Being a film on the acid attack, the film comes with a categorically uplifting tenor. While some of them work very well organically (Pallavi’s visit to the Sheroes Hangout), there are others that are inserted just so that we smile or maybe shed a tear or two (the compassionate flight passengers). Uyare, at the same time, is also a film about aviation. The protagonist cultivates an intense dream to be in the industry and that too as a pilot. Soaring is not simply an epithet in the film’s case. As a result, the film spends a lot of time familiarizing us with the functions of the job role and the training sessions do look authentic to a very large extent. However, Uyare makes a bizarre joke out of the entire air traffic control unit. Filled with caricaturish characters written and enacted as seen in amateur stage plays, I wondered for a moment whether all of it was leftovers from Airplane or It’s a Mad, Mad, Mad, Mad World.
Cinematography by Mukesh Muraleedharan strikes an upright balance between the film’s tense, gloomy and uplifting undertones. The dramatic confrontation and the acid attack scene that follows (shot in slow motion) are principally noteworthy for the lighting and the camera angles. Given the sensitivity of the subject, Mahesh Narayan’s editing compliments the DOP’s work quite well except in the climactic segment where the close-up montages of Pallavi’s face lessen the impact to a great degree. The background score (Gopi Sundar) is in tandem with the film’s aviation milieu and works well in amplifying the dramatic change in airs.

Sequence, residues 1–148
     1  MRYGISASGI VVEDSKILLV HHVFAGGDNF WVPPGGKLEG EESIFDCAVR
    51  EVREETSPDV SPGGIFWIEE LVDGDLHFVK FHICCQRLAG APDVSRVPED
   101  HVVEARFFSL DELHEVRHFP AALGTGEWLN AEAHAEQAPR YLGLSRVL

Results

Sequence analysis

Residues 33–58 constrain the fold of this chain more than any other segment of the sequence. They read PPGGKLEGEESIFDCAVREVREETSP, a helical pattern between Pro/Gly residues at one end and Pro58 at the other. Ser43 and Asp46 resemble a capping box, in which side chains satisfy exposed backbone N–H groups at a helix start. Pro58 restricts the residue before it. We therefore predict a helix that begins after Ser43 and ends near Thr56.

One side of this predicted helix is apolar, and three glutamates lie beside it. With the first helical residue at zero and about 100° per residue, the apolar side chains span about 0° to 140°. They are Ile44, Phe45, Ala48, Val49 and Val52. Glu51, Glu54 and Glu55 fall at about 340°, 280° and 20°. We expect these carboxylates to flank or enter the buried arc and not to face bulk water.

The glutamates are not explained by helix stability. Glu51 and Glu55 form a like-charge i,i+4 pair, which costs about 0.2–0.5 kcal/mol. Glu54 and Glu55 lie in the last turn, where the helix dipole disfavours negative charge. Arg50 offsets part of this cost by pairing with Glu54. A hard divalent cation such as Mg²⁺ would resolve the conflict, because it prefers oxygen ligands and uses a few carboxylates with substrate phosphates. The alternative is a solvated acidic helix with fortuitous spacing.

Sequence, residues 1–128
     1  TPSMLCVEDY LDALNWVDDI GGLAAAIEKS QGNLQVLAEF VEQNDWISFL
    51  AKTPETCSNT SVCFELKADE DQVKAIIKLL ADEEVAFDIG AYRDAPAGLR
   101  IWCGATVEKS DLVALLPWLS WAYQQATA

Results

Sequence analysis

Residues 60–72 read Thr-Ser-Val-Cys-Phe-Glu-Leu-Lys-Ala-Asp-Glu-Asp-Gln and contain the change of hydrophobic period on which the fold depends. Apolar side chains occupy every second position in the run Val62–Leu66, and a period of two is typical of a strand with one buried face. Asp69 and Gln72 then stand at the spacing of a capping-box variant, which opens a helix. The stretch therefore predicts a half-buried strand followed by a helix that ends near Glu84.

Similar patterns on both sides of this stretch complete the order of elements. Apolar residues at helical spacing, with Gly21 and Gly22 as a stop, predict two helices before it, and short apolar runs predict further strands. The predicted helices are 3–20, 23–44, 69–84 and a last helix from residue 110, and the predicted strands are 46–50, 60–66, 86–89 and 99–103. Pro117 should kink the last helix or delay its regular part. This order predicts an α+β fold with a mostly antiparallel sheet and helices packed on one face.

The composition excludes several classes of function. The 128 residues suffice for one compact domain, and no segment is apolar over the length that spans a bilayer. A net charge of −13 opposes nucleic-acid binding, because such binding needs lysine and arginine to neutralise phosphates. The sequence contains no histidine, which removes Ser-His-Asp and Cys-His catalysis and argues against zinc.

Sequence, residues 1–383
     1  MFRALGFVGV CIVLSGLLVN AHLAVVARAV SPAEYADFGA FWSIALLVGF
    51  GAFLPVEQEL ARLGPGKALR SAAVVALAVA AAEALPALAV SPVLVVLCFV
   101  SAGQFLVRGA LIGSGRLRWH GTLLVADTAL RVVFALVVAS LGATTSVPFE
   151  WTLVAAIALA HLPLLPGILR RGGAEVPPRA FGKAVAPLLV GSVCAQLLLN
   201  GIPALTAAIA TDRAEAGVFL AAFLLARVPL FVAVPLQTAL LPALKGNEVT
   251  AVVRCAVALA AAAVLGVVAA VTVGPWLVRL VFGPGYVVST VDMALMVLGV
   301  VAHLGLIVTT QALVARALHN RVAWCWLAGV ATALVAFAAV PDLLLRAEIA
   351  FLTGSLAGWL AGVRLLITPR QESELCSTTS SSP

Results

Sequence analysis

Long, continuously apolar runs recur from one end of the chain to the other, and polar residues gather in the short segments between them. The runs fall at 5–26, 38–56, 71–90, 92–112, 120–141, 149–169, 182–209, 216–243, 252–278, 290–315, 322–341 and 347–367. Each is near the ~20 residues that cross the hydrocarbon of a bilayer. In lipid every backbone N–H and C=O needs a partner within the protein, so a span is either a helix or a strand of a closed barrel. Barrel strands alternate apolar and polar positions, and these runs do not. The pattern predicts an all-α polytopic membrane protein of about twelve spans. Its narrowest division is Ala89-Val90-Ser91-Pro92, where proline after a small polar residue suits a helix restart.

As far as performances go, Uyare is Parvathy’s show completely and the actor breathes fire into a physically and emotionally taxing part with ease. One with a unique ability to shapeshift into her respective screen characters, Parvathy’s emotional transition within the film is astonishing, to say the least. Asif Ali is well-cast as Govind who is despise-worthy in every sense of the word. Siddique is excellent as the father whereas Tovino Thomas is affable in a half-baked part. Prathap Pothen hams to the hilt and his track singularly brings the film several notches down. Anarkali Marikar’s winsome presence is akin to a whiff of fresh air while the talented Sreeram Ramachandran is wasted in a blink-and-miss role.
As the curtains fell for Uyare, I wondered what sets it apart from those of its ilk, if we set apart the acid attack bit. The answer, certainly, is its simplicity. Manu Ashokan chooses a very straightforward storytelling style that believes in asserting its messaging in the most crystal clear fashion. One might point out that the lack of layers and surprises would render the film predictable. Yes, it indeed is and the makers wouldn’t deny that either. However, to bring home empathy to a difficult predicament as the one chronicled in Uyare, the absence of an excess of tangles works to great effect. The film, at the same time, does not glorify the offender either. If the rush of positivity and pride that one feels in the final reel is anything to go by, Uyare places the moral and emotional state-of-mind of the protagonist in good stead. This is sufficient enough to make do with Manu Ashokan’s unadventurous execution as these are days when it’s hard to pull off a well-intentioned tale sans overt sympathy seeking.
P.S.: Among other things, was it really required to show Pallavi gifting Vishal a book written the by controversial Godman Jaggi Vasudev? With the book holding no significance to the film’s immediate plot, the very ‘intent’ behind the gesture stands nullified provided the author’s dubious reputation.